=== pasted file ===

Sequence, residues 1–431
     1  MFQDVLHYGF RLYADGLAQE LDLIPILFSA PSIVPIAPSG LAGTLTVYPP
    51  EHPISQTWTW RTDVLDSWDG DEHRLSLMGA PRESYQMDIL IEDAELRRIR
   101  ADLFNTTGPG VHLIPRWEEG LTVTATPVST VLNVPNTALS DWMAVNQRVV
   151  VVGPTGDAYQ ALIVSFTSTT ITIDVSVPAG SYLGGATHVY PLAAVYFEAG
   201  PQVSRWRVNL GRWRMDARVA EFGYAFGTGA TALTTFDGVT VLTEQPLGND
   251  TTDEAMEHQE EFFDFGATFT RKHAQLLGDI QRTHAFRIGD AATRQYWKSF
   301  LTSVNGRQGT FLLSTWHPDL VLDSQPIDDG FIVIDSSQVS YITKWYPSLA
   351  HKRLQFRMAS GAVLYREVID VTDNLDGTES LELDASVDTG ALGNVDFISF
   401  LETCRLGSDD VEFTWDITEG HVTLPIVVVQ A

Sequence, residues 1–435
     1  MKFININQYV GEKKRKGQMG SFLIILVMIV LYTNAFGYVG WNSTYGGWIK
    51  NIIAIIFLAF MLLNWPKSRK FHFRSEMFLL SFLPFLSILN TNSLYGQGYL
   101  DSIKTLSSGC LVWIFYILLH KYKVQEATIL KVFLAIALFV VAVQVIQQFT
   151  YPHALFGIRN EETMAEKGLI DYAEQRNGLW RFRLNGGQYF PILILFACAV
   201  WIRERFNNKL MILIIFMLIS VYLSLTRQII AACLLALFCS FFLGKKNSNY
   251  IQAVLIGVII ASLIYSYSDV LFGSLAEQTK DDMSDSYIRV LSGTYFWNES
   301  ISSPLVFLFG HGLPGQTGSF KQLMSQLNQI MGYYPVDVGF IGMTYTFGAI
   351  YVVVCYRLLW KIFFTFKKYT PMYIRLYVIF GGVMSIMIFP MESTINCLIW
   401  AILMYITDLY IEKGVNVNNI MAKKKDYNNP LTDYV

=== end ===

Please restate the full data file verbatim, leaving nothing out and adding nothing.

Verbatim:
Sequence, residues 1–431
     1  MFQDVLHYGF RLYADGLAQE LDLIPILFSA PSIVPIAPSG LAGTLTVYPP
    51  EHPISQTWTW RTDVLDSWDG DEHRLSLMGA PRESYQMDIL IEDAELRRIR
   101  ADLFNTTGPG VHLIPRWEEG LTVTATPVST VLNVPNTALS DWMAVNQRVV
   151  VVGPTGDAYQ ALIVSFTSTT ITIDVSVPAG SYLGGATHVY PLAAVYFEAG
   201  PQVSRWRVNL GRWRMDARVA EFGYAFGTGA TALTTFDGVT VLTEQPLGND
   251  TTDEAMEHQE EFFDFGATFT RKHAQLLGDI QRTHAFRIGD AATRQYWKSF
   301  LTSVNGRQGT FLLSTWHPDL VLDSQPIDDG FIVIDSSQVS YITKWYPSLA
   351  HKRLQFRMAS GAVLYREVID VTDNLDGTES LELDASVDTG ALGNVDFISF
   401  LETCRLGSDD VEFTWDITEG HVTLPIVVVQ A

Sequence, residues 1–435
     1  MKFININQYV GEKKRKGQMG SFLIILVMIV LYTNAFGYVG WNSTYGGWIK
    51  NIIAIIFLAF MLLNWPKSRK FHFRSEMFLL SFLPFLSILN TNSLYGQGYL
   101  DSIKTLSSGC LVWIFYILLH KYKVQEATIL KVFLAIALFV VAVQVIQQFT
   151  YPHALFGIRN EETMAEKGLI DYAEQRNGLW RFRLNGGQYF PILILFACAV
   201  WIRERFNNKL MILIIFMLIS VYLSLTRQII AACLLALFCS FFLGKKNSNY
   251  IQAVLIGVII ASLIYSYSDV LFGSLAEQTK DDMSDSYIRV LSGTYFWNES
   301  ISSPLVFLFG HGLPGQTGSF KQLMSQLNQI MGYYPVDVGF IGMTYTFGAI
   351  YVVVCYRLLW KIFFTFKKYT PMYIRLYVIF GGVMSIMIFP MESTINCLIW
   401  AILMYITDLY IEKGVNVNNI MAKKKDYNNP LTDYV